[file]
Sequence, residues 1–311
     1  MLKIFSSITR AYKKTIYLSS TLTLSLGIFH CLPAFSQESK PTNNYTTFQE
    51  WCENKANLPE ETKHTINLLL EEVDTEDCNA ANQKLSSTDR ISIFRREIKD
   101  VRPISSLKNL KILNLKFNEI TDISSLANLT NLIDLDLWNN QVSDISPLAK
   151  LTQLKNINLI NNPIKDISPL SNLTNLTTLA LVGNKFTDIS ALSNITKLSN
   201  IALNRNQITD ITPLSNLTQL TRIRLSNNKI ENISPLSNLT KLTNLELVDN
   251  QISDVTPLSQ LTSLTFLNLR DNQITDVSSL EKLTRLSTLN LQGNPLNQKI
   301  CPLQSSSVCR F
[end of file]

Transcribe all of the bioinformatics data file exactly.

Sequence, residues 1–311
     1  MLKIFSSITR AYKKTIYLSS TLTLSLGIFH CLPAFSQESK PTNNYTTFQE
    51  WCENKANLPE ETKHTINLLL EEVDTEDCNA ANQKLSSTDR ISIFRREIKD
   101  VRPISSLKNL KILNLKFNEI TDISSLANLT NLIDLDLWNN QVSDISPLAK
   151  LTQLKNINLI NNPIKDISPL SNLTNLTTLA LVGNKFTDIS ALSNITKLSN
   201  IALNRNQITD ITPLSNLTQL TRIRLSNNKI ENISPLSNLT KLTNLELVDN
   251  QISDVTPLSQ LTSLTFLNLR DNQITDVSSL EKLTRLSTLN LQGNPLNQKI
   301  CPLQSSSVCR F